When talk of a possible TikTok ban began in July, the leaders of a small social video app called Triller saw a growth opportunity.
To attract users, the company set its sights on TikTok’s biggest names. Some of the Sway Boys, a group of TikTok influencers, had been toying with the idea of building their own app to compete with TikTok, but after a discussion with Ryan Kavanaugh, the majority owner of Triller and a veteran entertainment executive, they decided the platform could be good for them.
Triller offered the creators a deal: Tell your audience on TikTok that you’re moving to Triller, and we’ll give you equity and roles within the company. You can still post on TikTok, they were told, but only if you post on Triller more frequently. In turn, of the Sway Boys, Josh Richards, 18, was named Triller’s chief strategy officer, and Griffin Johnson, 21, and Noah Beck, 19, joined as advisers with equity.
Soon, CNBC, Fox News and the Los Angeles Times were writing about TikTok defectors bound for Triller, an app they described as a viable replacement for TikTok should a ban be put in place. In August, Triller announced it was seeking a new funding round of $250 million, hiking its valuation to over $1 billion.
But could it live up to the hype?
Getting that ‘Triller money’
Founded in 2015, Triller bills itself as an app for making professional-looking music videos, quickly. Functionally, it’s different from TikTok: It has different editing tools; its users can’t “duet,” or react to videos; and while it offers top singles and hit songs, it lacks the extensive library of sounds and mash-ups that TikTok users employ to express themselves.
“I think there’s a lot of things on Triller that TikTok doesn’t have and vice versa; they both have their perks,” said Beck, of the Sway Boys.
Triller, for instance, has star power. The company has raised money from entertainment executives and celebrities, including Snoop Dogg, 21 Savage and Migos, and brought on a roster of high-profile users, among them the Weeknd, Marshmello, Lil Wayne, Young Thug, Kendrick Lamar, Tyga, T.I. and Jake Paul.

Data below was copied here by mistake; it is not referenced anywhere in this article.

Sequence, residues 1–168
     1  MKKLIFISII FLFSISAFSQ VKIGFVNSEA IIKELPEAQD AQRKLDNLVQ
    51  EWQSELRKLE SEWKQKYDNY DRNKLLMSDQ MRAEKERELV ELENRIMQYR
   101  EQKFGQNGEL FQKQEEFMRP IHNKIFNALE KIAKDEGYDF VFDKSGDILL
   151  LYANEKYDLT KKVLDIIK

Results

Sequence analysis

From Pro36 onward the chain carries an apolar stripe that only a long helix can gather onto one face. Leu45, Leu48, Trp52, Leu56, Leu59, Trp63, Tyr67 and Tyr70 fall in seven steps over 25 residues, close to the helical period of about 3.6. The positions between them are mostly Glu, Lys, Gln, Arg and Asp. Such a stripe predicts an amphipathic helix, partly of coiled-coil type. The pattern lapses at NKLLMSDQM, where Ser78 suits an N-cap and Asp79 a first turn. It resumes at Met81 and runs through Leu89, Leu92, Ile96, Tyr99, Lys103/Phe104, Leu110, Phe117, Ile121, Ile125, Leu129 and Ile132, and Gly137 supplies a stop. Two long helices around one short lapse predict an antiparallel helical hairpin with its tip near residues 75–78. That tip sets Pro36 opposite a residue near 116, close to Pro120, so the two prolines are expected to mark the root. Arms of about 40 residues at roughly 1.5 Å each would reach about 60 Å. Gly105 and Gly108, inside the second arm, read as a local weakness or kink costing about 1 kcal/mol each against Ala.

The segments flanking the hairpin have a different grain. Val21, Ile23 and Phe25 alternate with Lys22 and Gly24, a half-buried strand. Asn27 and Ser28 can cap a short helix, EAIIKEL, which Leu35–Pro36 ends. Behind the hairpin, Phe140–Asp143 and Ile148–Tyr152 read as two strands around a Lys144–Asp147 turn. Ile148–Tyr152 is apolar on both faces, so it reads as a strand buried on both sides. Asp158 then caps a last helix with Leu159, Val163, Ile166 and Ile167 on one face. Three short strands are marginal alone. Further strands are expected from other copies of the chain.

The most important thing about Triller, some of its backers say, is that it’s an American company. Discussions of a TikTok ban revolved around data security concerns stemming from the fact that ByteDance, which owns TikTok, is a Chinese corporation. “Protect your family and our country do not use #tiktok,” Kavanaugh, 45, tweeted in October last year. “Take back your data, don’t let them destroy the US Music Industry and spy on our children. Work with the artists for the artists.” (In August, Bloomberg News reported that Triller had made a joint bid for TikTok’s operations in the U.S. and several other countries.)
To bring artists on, Triller has been pulling out all the stops. “Triller money” has become a recurring joke among TikTokers in Los Angeles, the punchline being that the company will do whatever it takes to partner with the right stars.
Creators shuttle to and from Saddle Ranch Chop House, a Western-themed restaurant in West Hollywood, in a large black Mercedes-Benz Sprinter van emblazoned with the app’s name on the side, thanks to a Triller-negotiated brand partnership. Once there, they pay with Saddle Ranch black cards loaded with unlimited funds, thanks to Triller.
When Charli D’Amelio, TikTok’s most-followed star (90 million followers), announced she was joining Triller in September, the company provided her with a leased black Rolls-Royce with a “TRILLER” vanity plate. Triller leased a Mercedes-Benz for Josh Richards, another TikTok star. Triller talent are also treated to weekly sushi dinners at Nobu, where they brainstorm with executives while flaunting the meals on Instagram Stories.
Triller has also rented mansions in Los Angeles for top creators to live in. After TikTok stars Bryce Hall and Blake Gray had their power turned off by the city in August for flouting local guidelines around in-person gatherings, they moved into a Triller house. Nine creators, including Tayler Holder, 23, of the Hype House, recently moved into another property rented by Triller.
The company pays for housekeeping, weekly Instacart orders, ground transportation, high speed Wi-Fi and production equipment like ring lights. Whatever the talent needs to make content, Triller will get. For one recent video by a creator, the company secured a helicopter.
In July, Triller began offering creators hundreds of dollars a month for posts on the app. Quran Stenline, 21, known online as @SwagBoyQ, said the company offered him money to use the app and also guaranteed that his videos would be featured on Triller’s version of the For You page, which is the equivalent of TikTok’s front page.
Stenline turned down the opportunity. “I don’t think that’s fair for smaller creators or other creators in general who are trying to get looked at,” he said. At least on TikTok, he said, everyone has a fairer shot at getting noticed.